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To celebrate Vikings Live, we have replaced our Roman alphabet with the runic alphabet used by the Vikings, the Scandinavian ‘Younger Futhark’. The ‘Younger Futhark’ has only 16 letters, so we have used some of the runic letters more than once or combined two runes for one Roman letter.

For an excellent introduction to runes, we recommend Martin Findell’s book published by British Museum Press.

More information about how we have ‘runified’ this site


Jade slit rings (jue)

Jade slit rings (jue)

© 2003 Private Collection

Width: 4.100 cm
Width: 4.100 cm

On loan from a private collection OA 2:2

Slit rings, later named jue, along with discs, rings and arc pendants, were among the earliest of all ornaments to be made in fine polished stones such as jade. They were probably worn as earrings.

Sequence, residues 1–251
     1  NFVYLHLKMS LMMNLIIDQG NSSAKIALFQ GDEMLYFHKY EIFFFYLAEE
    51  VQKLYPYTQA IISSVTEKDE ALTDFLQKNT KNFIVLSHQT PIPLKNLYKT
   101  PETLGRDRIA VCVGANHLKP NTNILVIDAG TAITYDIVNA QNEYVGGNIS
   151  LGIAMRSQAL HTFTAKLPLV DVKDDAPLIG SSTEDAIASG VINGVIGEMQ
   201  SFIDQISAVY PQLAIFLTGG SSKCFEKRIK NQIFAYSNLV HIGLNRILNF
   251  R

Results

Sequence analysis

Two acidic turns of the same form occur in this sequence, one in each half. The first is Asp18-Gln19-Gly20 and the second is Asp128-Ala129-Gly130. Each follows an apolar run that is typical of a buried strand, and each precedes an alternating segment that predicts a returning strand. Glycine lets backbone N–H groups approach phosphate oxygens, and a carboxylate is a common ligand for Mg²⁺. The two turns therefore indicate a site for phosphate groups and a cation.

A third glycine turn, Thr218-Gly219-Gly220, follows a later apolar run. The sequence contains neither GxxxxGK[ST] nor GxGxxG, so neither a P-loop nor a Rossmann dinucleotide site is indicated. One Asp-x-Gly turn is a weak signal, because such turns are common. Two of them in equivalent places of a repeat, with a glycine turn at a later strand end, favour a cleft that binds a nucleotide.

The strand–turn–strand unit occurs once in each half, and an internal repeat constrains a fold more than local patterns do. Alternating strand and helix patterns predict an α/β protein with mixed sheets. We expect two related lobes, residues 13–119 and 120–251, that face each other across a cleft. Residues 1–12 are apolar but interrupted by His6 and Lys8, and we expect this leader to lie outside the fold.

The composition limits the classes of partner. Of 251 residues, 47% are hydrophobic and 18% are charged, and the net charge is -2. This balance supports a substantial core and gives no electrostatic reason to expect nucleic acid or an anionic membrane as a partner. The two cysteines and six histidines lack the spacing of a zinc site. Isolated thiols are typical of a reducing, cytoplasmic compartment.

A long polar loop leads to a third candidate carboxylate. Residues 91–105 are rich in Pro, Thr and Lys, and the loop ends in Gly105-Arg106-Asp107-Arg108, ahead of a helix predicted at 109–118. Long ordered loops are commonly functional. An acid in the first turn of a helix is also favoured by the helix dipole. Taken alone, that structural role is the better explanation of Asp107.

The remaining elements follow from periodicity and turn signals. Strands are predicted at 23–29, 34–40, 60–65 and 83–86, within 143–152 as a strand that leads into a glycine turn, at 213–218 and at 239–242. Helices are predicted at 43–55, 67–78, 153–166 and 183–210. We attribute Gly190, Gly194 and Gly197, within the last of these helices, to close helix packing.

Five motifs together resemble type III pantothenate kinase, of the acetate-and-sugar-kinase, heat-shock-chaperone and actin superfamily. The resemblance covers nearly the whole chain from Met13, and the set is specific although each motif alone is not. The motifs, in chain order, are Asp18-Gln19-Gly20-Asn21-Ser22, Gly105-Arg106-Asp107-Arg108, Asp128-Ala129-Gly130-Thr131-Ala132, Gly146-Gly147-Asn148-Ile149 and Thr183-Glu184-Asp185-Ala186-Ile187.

The earliest jue, which are more like slit tubes than slit rings, are found in the north-east in the Xinglongwa (about 5000 BC) and Chahai cultures (about 4500 BC), which preceded the Hongshan (about 3800-2700 BC)

The manufacture of jue probably spread from the north to the south-east to Zhejiang province, where they are found at Hemudu, and they remained in use in the south-east in the Majiabang and Songze cultures (5000-3000 BC). Many of these early jue are relatively thick and modelled in the round.

On display: Room 33b: Chinese jade